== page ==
“Cathy!” Patricia shouted. In an instant, Jason had lept over their over turned table and was hurdling towards his daughter in a race against the growing tide of fear driven people. Jason reached the table under which his daughter hid and tossed it onto its side as a barricade, and scooped her up into his arms. The people rushing in slammed into the table, stepped on each other, and began flowing around it, crushing each other up against it. Jason ran towards the door where they’d entered. Patricia and Nancy were on their feet; the camp rebels were trying in vain to calm everyone down. They stood on table and waved their guns in the air. Jason didn’t give a damn what happened to them, or anyone at this point, he had what he came for. He and Patricia and Nancy burst into the hallway and shut the door behind them.
“The motor pool!” Jason shouted.
“What?” Nancy asked. The roar of people on the other side of the door was deafening.
“The Motor Pool, where is it?!” Jason asked again.
“This way!” nancy shouted, and took off down the hall.
Jason and Patricia followed, with Cathy still held tightly in his arms.
They entered what used to be the garage for the municipal trucks and lawn mowers. Now, two military grade hummers sat parked inside, alongside a few remaining four wheelers. Jason located the key box and smashed it open. The four of them piled into one of the hummers and Jason started it up. Only now did Patricia find the courage to ask what only her eyes had said earlier.
“Where’s Jim?” she said quietly.
Jason hesitated at the wheel. He turned to his wife in the seat beside him and searched for the words to tell her. He didn’t need them. She saw in his hesitation he truth about their son. Her lip quivered and her eyes watered, but she held back against the rush of tears that wanted out. She nodded and held Cathy tightly against her chest. Jason’s eyes watered too, but he knew there was no time to lose. They weren’t out of the clear yet.
There was an explosion that sounded as if it came from inside the camp, near the tent city. A small explosion, a grenade most likely, Jason thought. That meant the rebels had reached the camp, they were starting their assault on the complex itself. Jason was well aware that in this vehicle, Delmar and his crew wouldn’t be able to tell that they weren’t enemies. Jason doubted it mattered anyway, after everything that had transpired, Jason wouldn’t hesitate to kill Delmar himself and he guessed that Delmar felt the same at this point. It occurred to Jason that he and his family had always been expendable to Delmar, right from the beginning. They were nothing but useful tools in his crazy scheme.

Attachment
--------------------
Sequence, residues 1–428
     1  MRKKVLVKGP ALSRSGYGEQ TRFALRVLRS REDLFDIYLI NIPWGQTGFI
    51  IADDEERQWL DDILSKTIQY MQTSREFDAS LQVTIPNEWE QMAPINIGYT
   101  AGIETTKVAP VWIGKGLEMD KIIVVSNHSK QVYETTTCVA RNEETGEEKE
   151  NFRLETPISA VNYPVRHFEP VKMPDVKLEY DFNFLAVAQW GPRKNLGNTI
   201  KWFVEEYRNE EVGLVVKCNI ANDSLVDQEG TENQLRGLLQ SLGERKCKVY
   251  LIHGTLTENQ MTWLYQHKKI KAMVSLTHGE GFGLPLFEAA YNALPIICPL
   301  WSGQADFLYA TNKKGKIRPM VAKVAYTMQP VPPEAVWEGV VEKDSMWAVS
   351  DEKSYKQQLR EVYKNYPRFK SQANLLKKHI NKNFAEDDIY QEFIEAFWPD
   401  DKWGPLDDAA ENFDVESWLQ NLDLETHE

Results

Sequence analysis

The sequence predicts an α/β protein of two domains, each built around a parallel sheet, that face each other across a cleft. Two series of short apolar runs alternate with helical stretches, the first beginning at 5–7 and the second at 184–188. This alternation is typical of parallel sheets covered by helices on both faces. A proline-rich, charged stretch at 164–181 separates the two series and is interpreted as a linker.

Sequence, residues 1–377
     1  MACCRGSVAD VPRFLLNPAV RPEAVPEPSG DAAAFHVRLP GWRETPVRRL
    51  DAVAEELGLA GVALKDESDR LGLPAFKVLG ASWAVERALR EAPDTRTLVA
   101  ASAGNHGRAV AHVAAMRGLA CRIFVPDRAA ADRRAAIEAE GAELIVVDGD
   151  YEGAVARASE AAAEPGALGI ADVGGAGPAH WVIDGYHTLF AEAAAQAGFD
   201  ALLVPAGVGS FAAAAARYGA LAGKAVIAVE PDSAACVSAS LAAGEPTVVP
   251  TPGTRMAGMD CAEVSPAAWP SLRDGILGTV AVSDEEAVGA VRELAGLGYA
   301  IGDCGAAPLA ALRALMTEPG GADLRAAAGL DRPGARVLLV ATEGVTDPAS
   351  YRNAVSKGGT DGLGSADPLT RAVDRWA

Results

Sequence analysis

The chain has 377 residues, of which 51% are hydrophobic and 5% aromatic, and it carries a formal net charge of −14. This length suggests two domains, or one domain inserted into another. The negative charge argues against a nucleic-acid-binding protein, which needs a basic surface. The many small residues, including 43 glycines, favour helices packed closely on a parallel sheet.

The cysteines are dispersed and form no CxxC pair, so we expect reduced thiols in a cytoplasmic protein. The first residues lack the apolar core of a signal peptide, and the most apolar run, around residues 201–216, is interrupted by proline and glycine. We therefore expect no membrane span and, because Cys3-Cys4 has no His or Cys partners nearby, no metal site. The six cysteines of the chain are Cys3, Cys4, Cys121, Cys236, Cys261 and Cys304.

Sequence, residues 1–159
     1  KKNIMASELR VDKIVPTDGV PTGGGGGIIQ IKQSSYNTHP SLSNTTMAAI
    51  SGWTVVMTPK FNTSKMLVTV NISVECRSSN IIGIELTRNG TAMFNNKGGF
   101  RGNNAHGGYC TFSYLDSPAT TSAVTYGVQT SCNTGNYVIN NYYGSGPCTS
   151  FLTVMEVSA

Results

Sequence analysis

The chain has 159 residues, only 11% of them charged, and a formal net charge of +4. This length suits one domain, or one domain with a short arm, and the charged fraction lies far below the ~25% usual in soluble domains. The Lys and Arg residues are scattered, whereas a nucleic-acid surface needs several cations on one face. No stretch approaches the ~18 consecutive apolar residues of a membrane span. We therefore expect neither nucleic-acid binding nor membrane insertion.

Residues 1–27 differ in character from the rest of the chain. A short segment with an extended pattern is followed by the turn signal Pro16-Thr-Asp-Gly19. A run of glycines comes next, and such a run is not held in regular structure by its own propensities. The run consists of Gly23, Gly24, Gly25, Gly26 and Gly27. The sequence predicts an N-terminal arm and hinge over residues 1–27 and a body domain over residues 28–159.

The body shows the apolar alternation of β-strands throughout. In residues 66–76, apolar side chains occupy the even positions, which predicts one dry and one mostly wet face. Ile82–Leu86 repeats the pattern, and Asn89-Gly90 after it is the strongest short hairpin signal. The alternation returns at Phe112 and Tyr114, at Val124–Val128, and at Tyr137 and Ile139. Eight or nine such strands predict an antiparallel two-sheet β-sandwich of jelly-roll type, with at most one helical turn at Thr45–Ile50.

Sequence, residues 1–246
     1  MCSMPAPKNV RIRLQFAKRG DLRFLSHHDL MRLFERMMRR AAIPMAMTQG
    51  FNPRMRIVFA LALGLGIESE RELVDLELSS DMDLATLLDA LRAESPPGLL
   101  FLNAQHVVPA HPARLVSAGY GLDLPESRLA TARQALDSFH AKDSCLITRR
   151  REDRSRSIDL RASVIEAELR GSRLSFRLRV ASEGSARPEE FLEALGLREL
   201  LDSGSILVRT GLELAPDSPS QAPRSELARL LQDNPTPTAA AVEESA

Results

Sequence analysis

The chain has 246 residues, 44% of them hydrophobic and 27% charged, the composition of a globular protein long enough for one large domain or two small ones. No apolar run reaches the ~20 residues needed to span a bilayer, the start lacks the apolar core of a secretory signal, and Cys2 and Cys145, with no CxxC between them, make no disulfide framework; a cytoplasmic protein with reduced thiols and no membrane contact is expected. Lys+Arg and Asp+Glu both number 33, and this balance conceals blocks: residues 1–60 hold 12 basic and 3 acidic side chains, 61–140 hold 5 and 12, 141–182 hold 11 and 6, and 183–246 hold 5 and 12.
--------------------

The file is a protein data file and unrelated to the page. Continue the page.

He put the truck in gear and headed out of the garage. Several fires raged across town, lighting up the night and showing the path of destruction wrought by the battle between Delmar’s select group of men and the government soldiers. It seemed what was left of the command center’s soldiers were dug in at the main gates behind those twin .30 cals. Return fire came from windows and doorways sporadically and from every direction. The machineguns couldn’t keep up. There was no chance of heading out the main gate, and Jason veered to the left down the service path that lead out past the old baseball fields, between the rows of tents that had been erected on them. There was a gate that lead to the surrounding neighborhood, and that would be there escape.
It was quiet around them, and the giant lights lit the now empty tent cities with an eerie clarity as Jason gunned the engine. The fighting was all concentrated at the front gate. The gate was ahead of them now and Jason sped up to ram through the fence. From in front of them, something sparked and shot forward. Jason recognized it, but it was far too late. The rocket hit the ground a few yards in front of the truck and exploded. Jason slammed the brakes and turned the wheel but the impact of the explosion sent the truck rolling, two full times before it landed up right again.
Everything sounded far away, and Jason couldn’t see straight. The only thing he could hear was someone screaming his name over and over again.